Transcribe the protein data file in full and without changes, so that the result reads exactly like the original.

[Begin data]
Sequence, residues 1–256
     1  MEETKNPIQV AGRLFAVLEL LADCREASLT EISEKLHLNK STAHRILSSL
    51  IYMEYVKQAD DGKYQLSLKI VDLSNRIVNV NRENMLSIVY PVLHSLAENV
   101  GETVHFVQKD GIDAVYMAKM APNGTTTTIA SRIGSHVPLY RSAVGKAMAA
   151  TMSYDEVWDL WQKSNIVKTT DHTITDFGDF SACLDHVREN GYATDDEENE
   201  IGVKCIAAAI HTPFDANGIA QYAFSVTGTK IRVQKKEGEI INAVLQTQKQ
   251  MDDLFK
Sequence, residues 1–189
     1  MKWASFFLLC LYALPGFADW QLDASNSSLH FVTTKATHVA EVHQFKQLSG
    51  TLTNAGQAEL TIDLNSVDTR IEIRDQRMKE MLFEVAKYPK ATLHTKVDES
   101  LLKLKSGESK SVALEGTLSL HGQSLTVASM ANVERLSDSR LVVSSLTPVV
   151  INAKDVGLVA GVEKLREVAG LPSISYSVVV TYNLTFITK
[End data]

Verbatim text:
Sequence, residues 1–256
     1  MEETKNPIQV AGRLFAVLEL LADCREASLT EISEKLHLNK STAHRILSSL
    51  IYMEYVKQAD DGKYQLSLKI VDLSNRIVNV NRENMLSIVY PVLHSLAENV
   101  GETVHFVQKD GIDAVYMAKM APNGTTTTIA SRIGSHVPLY RSAVGKAMAA
   151  TMSYDEVWDL WQKSNIVKTT DHTITDFGDF SACLDHVREN GYATDDEENE
   201  IGVKCIAAAI HTPFDANGIA QYAFSVTGTK IRVQKKEGEI INAVLQTQKQ
   251  MDDLFK
Sequence, residues 1–189
     1  MKWASFFLLC LYALPGFADW QLDASNSSLH FVTTKATHVA EVHQFKQLSG
    51  TLTNAGQAEL TIDLNSVDTR IEIRDQRMKE MLFEVAKYPK ATLHTKVDES
   101  LLKLKSGESK SVALEGTLSL HGQSLTVASM ANVERLSDSR LVVSSLTPVV
   151  INAKDVGLVA GVEKLREVAG LPSISYSVVV TYNLTFITK